An Old Trade Route

"Then there passed by . . . merchantmen."

—GEN. xxxvii. 28.

It was a much larger caravan which passed out of Egypt, when the time came at last for Abraham to go back to Canaan; there were more flocks and herds, sheep and cattle, camels and asses. They returned by the same way they came, till they reached one of their old camping-grounds near Bethel.

But Abraham and Lot were no longer wandering explorers, in search of pasture for their flocks. They were rich men now, with numerous attendants, and the pasture that was enough to feed all, in the old days, was no longer enough for both. And there was some quarrelling between the herdmen of Abraham's cattle and the herdmen of Lot's cattle.

Together, the two men stood on a piece of rising ground, from which they could look over the surrounding country.

"Is not the whole land before thee?" said the older man, who had already made up his mind as to the future. "Separate thyself, I pray thee, from me; if thou wilt take the left hand, then I will go to the right; or if thou depart to the right hand, then I will go to the left."

And Lot, knowing the value of the river Jordan which flowed through the midst of the land, chose its fertile plain, which was well watered everywhere, like the land of Egypt, from which he had just come. So he took his servants, his cattle, and his sheep, and there he made his new home.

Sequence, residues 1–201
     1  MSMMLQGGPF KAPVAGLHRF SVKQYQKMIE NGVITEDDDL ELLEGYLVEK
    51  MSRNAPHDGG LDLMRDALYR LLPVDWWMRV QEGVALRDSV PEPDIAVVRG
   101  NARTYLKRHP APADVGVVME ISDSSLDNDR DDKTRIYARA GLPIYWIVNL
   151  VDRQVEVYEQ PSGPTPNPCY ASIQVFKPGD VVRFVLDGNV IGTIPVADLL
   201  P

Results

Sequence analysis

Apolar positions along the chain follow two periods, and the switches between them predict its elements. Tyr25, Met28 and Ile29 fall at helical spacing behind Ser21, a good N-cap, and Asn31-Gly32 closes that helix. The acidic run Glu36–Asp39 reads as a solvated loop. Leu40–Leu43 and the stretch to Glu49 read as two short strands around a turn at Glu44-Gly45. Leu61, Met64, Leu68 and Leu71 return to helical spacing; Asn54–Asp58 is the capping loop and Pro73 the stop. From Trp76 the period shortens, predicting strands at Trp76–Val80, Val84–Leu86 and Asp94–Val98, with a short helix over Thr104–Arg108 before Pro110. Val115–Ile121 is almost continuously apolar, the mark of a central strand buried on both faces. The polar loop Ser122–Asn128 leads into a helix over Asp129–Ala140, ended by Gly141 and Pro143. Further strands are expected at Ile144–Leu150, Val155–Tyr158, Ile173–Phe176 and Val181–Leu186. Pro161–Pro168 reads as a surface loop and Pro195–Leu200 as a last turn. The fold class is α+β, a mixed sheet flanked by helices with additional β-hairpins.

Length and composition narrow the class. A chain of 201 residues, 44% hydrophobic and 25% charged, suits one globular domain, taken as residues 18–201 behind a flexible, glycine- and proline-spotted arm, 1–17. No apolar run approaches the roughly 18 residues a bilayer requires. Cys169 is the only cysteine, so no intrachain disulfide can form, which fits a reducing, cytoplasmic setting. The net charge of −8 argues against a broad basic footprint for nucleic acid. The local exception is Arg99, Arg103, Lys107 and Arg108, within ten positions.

Abraham lived in Canaan, right away from Lot; but he did not forget the little colony that had settled in the plains of Jordan—like a branch from the old root,—and when Lot was in difficulties with his foes, Abraham was the first to go to his help.

It was the same in those old days as it is now; the mother country helps her colonies, when they are in trouble.

After a time Abraham's descendants possessed the whole land of Canaan, which reached from his old home beyond the river Euphrates to the river Nile in Egypt. But the love of the old country was still strong within him; and when it was time to choose a wife for his son Isaac, it was to the land beyond the Euphrates that he turned.

Thence came Rebekah, who became the grandmother of Joseph, the story of whose life in Egypt is at once so pathetic and interesting.